The False Claims Act (FCA) has long served as a powerful weapon against fraud and waste in government programs, from rancid Civil War rations to Medicare scams. The Department of Justice (DOJ) recovered $2.88 billion under the law last year, with whistleblowers involved in the majority of cases.
The law’s qui tam provision allows those with evidence of fraud to sue on behalf of the federal government. In these cases, the whistleblowers often expose crimes the government may have never detected. Qui tam cases accounted for more than $2.1 billion of the $2.8 billion collected in fiscal year 2018. More than $300 million of that went to whistleblowers.
Despite the high numbers, the False Claims Act faces challenges. Here are a few of them:
- Last year’s recoveries were high, but they were the lowest since 2008.
- Attorney General William Barr has not been a supporter of the False Claims Act in the past. In 2001, he called it an abomination and described whistleblowers as “bounty hunters.” However, during his confirmation hearings, he promised to “diligently uphold” the law. Under questioning, Barr said the constitutionality of the law has been upheld by the Supreme Court.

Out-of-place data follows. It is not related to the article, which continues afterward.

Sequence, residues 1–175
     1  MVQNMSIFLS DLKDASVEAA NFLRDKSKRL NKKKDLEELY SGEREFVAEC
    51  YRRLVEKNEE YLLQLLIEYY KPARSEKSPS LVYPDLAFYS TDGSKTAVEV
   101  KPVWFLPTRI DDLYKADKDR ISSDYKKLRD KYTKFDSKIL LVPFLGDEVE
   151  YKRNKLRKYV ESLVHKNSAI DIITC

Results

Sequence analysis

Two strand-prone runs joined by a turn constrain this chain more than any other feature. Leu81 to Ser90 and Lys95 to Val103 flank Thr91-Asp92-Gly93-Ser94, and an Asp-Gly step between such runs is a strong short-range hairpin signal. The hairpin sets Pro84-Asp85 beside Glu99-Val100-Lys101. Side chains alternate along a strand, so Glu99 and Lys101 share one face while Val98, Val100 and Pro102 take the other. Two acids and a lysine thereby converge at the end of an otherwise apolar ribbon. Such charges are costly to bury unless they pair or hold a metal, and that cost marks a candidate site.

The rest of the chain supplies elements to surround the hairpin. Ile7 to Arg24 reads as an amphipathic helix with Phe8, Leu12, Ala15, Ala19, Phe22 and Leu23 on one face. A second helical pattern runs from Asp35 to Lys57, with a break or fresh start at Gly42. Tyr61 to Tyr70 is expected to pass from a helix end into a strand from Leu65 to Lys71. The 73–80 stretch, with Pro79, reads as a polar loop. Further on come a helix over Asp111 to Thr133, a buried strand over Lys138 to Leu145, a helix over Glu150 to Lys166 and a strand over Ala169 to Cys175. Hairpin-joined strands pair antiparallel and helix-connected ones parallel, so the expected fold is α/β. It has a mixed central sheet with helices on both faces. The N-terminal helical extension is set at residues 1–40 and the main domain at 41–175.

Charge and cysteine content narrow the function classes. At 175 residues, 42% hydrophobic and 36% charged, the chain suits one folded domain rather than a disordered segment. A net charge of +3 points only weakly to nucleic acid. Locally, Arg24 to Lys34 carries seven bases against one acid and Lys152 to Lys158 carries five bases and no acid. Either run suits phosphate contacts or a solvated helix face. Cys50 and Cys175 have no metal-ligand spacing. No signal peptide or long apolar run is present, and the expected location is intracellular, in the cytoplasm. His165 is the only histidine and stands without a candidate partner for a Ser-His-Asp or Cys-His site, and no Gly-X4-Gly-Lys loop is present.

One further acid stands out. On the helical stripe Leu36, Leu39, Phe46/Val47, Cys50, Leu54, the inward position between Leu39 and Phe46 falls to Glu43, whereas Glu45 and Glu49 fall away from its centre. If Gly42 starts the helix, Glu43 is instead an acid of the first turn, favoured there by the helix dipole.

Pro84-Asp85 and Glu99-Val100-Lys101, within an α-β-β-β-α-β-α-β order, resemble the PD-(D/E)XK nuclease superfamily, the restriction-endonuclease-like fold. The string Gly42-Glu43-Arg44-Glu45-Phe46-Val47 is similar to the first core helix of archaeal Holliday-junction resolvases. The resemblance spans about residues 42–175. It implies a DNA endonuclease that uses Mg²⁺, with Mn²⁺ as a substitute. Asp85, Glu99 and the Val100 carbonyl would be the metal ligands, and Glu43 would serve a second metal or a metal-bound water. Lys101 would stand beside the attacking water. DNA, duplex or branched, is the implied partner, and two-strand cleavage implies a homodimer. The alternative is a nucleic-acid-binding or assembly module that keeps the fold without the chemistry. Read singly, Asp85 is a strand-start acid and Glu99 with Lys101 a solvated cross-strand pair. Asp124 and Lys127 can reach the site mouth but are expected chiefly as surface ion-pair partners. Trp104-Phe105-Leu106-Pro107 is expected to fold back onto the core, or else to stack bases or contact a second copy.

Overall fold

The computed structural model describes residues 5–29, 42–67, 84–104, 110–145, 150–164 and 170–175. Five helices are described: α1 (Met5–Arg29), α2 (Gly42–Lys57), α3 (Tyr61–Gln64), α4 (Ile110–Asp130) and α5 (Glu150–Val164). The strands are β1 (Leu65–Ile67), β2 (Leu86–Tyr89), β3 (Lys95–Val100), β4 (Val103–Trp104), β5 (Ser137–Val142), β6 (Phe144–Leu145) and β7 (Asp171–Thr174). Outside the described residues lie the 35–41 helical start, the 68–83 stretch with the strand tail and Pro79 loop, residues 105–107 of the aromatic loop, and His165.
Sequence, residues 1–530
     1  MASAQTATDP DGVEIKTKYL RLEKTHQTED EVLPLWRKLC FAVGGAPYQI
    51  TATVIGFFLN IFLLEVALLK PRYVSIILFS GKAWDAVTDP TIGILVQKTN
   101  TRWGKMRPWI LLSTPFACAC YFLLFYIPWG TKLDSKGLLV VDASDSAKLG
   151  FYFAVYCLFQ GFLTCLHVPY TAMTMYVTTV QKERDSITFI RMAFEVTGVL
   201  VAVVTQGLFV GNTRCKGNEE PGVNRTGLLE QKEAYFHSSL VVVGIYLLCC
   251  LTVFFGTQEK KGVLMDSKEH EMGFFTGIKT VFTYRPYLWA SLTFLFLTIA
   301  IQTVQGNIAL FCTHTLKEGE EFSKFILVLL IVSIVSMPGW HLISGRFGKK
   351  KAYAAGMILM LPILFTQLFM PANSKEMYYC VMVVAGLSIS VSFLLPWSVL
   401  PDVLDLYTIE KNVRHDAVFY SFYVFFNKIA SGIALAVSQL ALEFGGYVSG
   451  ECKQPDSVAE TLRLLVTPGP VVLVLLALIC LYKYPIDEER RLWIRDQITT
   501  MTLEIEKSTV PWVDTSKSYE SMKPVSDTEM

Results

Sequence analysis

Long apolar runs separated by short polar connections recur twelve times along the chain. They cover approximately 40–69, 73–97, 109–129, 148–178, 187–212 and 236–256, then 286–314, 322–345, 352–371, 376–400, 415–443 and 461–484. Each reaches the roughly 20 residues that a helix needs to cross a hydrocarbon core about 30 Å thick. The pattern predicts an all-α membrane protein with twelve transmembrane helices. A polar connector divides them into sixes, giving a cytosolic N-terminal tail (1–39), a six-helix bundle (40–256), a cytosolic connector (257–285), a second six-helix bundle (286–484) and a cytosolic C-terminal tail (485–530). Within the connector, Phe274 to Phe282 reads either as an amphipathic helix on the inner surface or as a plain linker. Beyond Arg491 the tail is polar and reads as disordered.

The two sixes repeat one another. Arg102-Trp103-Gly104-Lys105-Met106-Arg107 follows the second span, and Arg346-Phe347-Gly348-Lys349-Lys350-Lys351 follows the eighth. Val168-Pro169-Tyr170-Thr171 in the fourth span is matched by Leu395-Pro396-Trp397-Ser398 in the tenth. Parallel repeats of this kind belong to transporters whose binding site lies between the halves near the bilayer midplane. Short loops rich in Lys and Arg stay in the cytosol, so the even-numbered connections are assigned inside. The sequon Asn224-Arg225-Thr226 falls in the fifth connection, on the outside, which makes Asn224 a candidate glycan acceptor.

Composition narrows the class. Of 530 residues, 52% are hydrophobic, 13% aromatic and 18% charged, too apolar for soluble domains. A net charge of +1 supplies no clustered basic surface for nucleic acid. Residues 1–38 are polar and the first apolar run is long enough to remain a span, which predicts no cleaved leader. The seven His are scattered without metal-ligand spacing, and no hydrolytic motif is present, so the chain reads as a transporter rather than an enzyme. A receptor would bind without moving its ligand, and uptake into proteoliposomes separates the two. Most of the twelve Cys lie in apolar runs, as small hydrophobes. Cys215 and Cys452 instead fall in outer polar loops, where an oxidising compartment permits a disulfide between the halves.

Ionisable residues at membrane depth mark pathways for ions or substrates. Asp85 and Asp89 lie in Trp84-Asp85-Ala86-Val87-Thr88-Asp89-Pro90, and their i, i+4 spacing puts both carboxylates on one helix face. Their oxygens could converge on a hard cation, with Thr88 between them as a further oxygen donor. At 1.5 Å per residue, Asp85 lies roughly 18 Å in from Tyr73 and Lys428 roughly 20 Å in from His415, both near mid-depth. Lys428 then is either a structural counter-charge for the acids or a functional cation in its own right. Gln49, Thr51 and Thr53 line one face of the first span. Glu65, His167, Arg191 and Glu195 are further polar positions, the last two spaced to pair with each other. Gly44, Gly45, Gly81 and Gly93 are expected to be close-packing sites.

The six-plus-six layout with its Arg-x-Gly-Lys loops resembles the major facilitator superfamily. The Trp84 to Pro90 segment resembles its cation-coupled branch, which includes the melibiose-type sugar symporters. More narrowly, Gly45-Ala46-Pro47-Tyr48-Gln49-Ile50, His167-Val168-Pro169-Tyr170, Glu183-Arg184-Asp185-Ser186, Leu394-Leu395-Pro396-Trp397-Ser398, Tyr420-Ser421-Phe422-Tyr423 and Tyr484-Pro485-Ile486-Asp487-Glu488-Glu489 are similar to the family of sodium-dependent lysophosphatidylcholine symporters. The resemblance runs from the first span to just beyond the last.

- Whistleblowers still pay a steep price for coming forward. The New Yorker ran a long story in February on the personal toll of pursuing a qui tam case. “Institutional denial, obfuscation, and retaliation are hallmarks of many whistle-blowing cases,” wrote Sheelah Kolhatkar
- A case before the Supreme Court, Cochise Consultancy, Inc. v. United States, could narrow the window for action on qui tam cases. The case will decide when the statute of limitations clock start running in a False Claims Act case when the government declines to intervene.
- The DOJ in January moved to dismiss 11 qui tam suits filed by Health Choice Group, which DOJ describes as a “shell company” controlled by “investors and former Wall Street investment bankers.”